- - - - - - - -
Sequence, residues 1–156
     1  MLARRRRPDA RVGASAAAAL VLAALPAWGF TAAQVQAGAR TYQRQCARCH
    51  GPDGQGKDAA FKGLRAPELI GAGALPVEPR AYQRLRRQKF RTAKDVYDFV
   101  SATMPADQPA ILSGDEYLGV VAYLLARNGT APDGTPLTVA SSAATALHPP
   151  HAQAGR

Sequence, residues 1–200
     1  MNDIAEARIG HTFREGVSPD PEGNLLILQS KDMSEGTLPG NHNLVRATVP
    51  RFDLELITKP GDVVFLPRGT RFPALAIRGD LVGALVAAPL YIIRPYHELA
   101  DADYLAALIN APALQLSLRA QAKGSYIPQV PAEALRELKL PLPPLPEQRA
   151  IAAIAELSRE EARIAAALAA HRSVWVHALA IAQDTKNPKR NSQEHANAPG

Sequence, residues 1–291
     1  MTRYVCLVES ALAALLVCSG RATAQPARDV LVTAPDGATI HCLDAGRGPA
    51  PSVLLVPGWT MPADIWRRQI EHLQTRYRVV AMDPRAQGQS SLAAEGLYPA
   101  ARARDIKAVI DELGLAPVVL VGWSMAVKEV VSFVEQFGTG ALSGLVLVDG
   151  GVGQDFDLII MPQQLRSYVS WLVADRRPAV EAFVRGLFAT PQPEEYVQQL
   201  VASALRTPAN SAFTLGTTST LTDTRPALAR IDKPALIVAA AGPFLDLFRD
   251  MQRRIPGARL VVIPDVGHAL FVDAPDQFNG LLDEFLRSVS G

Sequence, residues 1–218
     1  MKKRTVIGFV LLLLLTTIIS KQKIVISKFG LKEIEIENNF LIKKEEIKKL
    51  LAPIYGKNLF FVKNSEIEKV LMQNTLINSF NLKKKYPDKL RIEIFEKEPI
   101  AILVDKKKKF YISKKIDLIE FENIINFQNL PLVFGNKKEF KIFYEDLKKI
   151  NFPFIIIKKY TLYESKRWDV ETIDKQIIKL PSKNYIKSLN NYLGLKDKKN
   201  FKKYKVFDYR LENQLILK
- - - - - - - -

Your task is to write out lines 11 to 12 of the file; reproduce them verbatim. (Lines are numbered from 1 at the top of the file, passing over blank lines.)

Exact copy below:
Sequence, residues 1–291
     1  MTRYVCLVES ALAALLVCSG RATAQPARDV LVTAPDGATI HCLDAGRGPA